Or, if your post focuses on an immediate sale, link to the sales page that lists the items that will help your readers solve the problem outlined in your post. In the last few paragraphs, point out specific ways that your item can help them—without becoming too salesy. Your goal is to first build authority through education and helpful advice before readers become your customers.

get inspired with our blog post template for word

Check and Double-Check Your Blog Post

A good blog post template will have a checklist at the end that will allow you to make sure all your material is correct before you publish it. Use the “Review” function on the top Microsoft Word menu to check your grammar.

Grammarly has an excellent tool that will catch even more errors. We recommend the paid version, especially for those who aren’t experienced editors. It catches quite a few more errors than the free version does—and provides you with an explanation for each correction so you’re learning at the same time.

Check for and eliminate salesy language and industry jargon. As any decent English professor will tell you, jargon is the sign of an amateur when it comes to writing.

Specialized Blog Templates for Advanced Bloggers

Once you have basic blog posts down, you might want to try specialized blogs, such as:

  • How-to blogs: These step-by-step guides are great for explaining how a new product works or how to do a difficult task.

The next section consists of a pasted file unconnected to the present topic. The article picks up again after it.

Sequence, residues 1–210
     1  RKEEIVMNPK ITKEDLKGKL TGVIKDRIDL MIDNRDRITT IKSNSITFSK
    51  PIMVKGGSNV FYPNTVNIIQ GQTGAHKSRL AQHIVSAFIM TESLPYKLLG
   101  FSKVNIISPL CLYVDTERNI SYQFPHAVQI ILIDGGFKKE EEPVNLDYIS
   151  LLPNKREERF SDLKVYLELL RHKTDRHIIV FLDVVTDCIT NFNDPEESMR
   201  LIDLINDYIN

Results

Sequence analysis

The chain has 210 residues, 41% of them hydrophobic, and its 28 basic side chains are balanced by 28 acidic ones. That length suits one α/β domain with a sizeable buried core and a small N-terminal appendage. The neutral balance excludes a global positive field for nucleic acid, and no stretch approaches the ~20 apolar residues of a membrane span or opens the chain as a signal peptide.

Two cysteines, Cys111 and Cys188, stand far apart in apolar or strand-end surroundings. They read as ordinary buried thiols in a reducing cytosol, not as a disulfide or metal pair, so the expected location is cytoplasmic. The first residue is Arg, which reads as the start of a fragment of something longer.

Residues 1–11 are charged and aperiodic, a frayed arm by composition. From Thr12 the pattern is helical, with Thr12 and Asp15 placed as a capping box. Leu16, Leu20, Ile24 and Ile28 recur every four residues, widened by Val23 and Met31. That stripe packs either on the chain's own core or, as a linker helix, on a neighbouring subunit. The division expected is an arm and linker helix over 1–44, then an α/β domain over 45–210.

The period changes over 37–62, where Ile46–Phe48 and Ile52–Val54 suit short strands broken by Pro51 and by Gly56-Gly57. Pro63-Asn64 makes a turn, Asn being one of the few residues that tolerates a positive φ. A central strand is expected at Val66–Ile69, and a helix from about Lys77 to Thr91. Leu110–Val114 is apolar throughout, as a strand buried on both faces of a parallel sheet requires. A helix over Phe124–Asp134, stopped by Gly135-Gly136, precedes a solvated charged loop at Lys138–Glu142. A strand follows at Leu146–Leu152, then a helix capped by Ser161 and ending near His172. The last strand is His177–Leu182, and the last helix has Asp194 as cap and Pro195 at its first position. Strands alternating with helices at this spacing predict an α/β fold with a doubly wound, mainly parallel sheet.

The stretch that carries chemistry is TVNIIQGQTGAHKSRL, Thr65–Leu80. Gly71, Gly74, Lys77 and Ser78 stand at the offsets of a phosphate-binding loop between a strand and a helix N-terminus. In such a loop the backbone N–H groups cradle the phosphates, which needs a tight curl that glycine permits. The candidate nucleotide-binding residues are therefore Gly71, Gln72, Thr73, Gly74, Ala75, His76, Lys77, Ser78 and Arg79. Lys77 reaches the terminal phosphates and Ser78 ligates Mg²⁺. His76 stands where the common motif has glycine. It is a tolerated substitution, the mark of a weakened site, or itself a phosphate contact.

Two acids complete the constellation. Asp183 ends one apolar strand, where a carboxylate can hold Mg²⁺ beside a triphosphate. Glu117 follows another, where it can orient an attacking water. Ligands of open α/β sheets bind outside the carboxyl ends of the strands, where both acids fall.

• Listicles: If you’ve browsed the Internet for any time at all, you’ve run into these enticing posts. Titled “The 10 Best Restaurants in New York,” “The 7 Essential Sights to See in Istanbul,” or “The 12 Critical Factors in Digital Transformation Success,” these posts grab readers’ attention. They’re especially great for travel agencies, food bloggers, or anyone who can create a list of must-see, must-do, or must-have things.
  • Curated posts: Content curation is when you or your staff finds an article in the news or online that captures what you want to say, links to it, and puts your own spin on it. They’re powerful tools when the article is especially pertinent to your readers’ needs and comes from an authoritative source.
  • Infographics or video posts: Using SlideShare or PowerPoint, you can create posts that let the pictures do the talking. Of course, you’ll need to include pertinent facts. Be careful, though. Less is more when it comes to text superimposed on an image. For video posts, you’ll need a script, a few rehearsals, and a decent camera. Be sure to speak slowly so that people can understand you.

HubSpot’s Rachel Leist provides links to some excellent GoogleDoc blog templates that you can download in Microsoft Word format. Just click on “File,” find “Download,” and then select “Microsoft Word.”

Once you start publishing blog posts successfully, you’ll need to start measuring the results with content analytics. From how many people shared your posts to how many people downloaded your eBook, you’ll need to know which content performed well and which didn’t.

Keep posting content that resembles or links to your best performers and update underperforming content. With a content strategy that keeps aiming higher, you will build your business’s authority and your customers’ trust.

Get started blogging better today. Download our MS Word blog post template and let us know how having a template saves time and frustration.